Patrick Landis (30) Analysis of embedded detailsEnglish 10 (30) At least three quotes used correctlyDr. Myers, p. 6 (30) Zero sentence structure errorsDecember 13, 1998 (30) Effective concluding paragraph Comparison of Lucie Manette and Madame Defarge Lucie Manette and Madame Defarge are two important characters in Charles Dickens A Tale of Two Cities. Lucie Mannete s character does very little in the story other than to love other people and be loved herself. Madame Defarge is a woman consumed by hate and revenge. Her love of others and their love of her, power Lucie s actions.
Madame Defrarge’s every move is powered by her hatred. In this way Lucie represents the power of love and Madame Defarge represents the power of hatred. Lucie Manette s involvement in the story comes through her father and the people whom she loves and love her. In the beginning of the story Lucie is brought together with her estranged father, Doctor Manette, who has been in prison for most of her life. She shows her loving nature in this quote from her first meeting with her father, she put her two hands to her lips, and kissed them to him; then clasped them on her breast, as if she laid his ruined head there (DICKENS 39).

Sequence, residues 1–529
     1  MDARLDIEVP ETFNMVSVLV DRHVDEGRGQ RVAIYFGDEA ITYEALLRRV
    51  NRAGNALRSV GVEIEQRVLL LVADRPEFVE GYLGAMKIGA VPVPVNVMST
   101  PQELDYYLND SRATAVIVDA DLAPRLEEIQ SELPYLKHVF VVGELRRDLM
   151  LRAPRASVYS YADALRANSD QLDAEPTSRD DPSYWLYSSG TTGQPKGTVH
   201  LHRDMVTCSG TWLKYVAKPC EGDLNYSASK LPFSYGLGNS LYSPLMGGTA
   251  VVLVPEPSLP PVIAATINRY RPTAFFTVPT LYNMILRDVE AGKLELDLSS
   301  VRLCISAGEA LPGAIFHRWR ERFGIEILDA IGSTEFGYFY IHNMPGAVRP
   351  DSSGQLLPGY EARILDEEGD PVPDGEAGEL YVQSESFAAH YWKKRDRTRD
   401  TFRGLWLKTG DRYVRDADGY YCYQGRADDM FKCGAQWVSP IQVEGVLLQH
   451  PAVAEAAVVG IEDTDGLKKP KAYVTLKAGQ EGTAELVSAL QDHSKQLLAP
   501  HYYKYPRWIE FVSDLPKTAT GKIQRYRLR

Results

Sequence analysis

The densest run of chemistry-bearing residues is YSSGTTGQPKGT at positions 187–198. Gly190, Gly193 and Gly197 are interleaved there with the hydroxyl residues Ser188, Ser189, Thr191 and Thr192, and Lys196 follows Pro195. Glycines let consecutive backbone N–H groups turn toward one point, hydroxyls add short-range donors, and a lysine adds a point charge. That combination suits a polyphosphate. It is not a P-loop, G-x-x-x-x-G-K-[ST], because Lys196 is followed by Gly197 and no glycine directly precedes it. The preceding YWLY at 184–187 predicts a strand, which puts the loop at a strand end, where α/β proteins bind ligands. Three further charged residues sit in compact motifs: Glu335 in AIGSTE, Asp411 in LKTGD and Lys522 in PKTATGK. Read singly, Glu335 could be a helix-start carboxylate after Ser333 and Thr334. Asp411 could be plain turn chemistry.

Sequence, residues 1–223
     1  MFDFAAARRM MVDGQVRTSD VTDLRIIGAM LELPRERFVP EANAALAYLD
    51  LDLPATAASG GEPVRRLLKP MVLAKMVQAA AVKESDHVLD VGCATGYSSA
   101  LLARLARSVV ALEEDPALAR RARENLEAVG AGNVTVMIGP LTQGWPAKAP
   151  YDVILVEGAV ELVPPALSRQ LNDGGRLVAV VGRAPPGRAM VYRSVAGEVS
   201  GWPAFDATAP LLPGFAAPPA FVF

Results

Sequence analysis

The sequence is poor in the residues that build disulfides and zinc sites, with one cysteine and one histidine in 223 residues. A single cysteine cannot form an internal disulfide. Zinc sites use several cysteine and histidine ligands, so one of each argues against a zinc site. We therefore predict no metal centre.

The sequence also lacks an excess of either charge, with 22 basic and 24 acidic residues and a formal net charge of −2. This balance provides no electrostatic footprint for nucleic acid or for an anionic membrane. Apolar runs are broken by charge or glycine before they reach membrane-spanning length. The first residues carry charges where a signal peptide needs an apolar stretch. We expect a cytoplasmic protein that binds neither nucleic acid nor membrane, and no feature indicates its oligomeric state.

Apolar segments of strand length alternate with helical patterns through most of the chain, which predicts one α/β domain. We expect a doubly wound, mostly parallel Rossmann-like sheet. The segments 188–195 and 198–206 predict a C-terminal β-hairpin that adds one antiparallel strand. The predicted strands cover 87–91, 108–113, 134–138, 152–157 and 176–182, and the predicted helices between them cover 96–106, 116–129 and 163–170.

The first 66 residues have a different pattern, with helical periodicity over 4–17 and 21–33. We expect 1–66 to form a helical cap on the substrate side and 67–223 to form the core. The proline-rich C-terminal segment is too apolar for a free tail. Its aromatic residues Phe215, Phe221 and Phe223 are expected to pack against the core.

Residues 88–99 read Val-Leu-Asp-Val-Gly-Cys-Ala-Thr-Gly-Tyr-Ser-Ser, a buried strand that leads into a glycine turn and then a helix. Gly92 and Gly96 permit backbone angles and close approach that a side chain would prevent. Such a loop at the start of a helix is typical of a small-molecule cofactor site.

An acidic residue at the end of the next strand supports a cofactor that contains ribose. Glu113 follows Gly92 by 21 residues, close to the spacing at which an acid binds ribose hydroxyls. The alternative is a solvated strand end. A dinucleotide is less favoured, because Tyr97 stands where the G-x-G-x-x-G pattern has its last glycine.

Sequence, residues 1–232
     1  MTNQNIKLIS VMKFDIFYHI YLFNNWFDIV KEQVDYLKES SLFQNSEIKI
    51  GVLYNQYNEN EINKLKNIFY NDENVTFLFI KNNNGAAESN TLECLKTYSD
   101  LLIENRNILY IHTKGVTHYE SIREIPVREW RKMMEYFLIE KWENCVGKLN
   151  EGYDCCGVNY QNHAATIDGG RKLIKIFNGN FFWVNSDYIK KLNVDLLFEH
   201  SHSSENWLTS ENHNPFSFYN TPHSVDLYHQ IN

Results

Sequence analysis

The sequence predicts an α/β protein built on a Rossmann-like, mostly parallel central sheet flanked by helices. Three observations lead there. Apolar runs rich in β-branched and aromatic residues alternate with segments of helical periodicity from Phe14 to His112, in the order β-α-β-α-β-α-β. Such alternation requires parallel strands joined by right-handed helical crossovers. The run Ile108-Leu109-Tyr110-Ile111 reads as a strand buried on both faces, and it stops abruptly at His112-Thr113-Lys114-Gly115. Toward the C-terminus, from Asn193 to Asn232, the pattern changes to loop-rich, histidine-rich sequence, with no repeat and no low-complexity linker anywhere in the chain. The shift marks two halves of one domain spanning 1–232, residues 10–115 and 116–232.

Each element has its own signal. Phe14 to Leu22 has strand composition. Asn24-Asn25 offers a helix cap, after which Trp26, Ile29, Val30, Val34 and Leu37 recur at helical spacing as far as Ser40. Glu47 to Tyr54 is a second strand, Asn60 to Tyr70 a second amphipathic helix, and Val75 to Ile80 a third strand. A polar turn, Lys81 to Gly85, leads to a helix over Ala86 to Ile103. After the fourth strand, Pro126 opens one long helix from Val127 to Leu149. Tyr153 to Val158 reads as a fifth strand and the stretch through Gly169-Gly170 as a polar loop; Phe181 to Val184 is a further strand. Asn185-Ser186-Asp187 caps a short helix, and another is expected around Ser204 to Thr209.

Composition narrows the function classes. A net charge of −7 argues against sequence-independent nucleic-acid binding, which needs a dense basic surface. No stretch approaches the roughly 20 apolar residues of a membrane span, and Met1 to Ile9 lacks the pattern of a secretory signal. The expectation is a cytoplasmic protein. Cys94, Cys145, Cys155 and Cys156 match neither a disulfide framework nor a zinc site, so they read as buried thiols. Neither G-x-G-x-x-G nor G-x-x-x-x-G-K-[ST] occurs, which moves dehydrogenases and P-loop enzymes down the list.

As the story comes to a climax two other characters, Miss. Pross and Sydney Carton, do drastic things inspired by their love of Lucie. Miss. Pross, Lucie s nurse, struggles with Mrs. Defarge, Miss Pross, on the instinct of the moment, seized her [Madame Defarge] round the waist with the vigorous tenacity of love, always so much stronger than hate (DICKENS 345). to allow Lucie time to escape. Sydney Carton sacrifices his life to save Lucie s husband, Charles Darnay. Lucie s character does very little in the story other than to love others and inspire them. Madame Defarge is the opposite of Lucie.
She is full of hate and inspires others to join the revolution through her intense hatred. Her every move in the story is fueled by revenge and hatred. She wants revenge on the aristocracy that killed her family, namely the Evremonde family of which Charles Darnay is a member. Darnay returns to France to save a family steward and is immediately arrested and sentenced to execution. Lucie s father saves him but he is arrested and sentenced again upon accusations by Madame Defarge, he is denounced–and gravely by the citizen and citizeness Defarge (DICKENS 273).
As Carton is about to be executed in Darnay s place Madame Defarge goes to the Manettes house to have Lucie and her child executed as members of the Evremonde family. Madame Defarge has no mercy and lives only to hate. In the end Madame Defarge is destroyed by her own consuming hatred and Lucie is rescued by the power of her love. This is meant to show how the redemptive power of love will always triumph over the destructive power of hatred, the vigorous tenacity of love, always so much stronger than hate (DICKENS 345).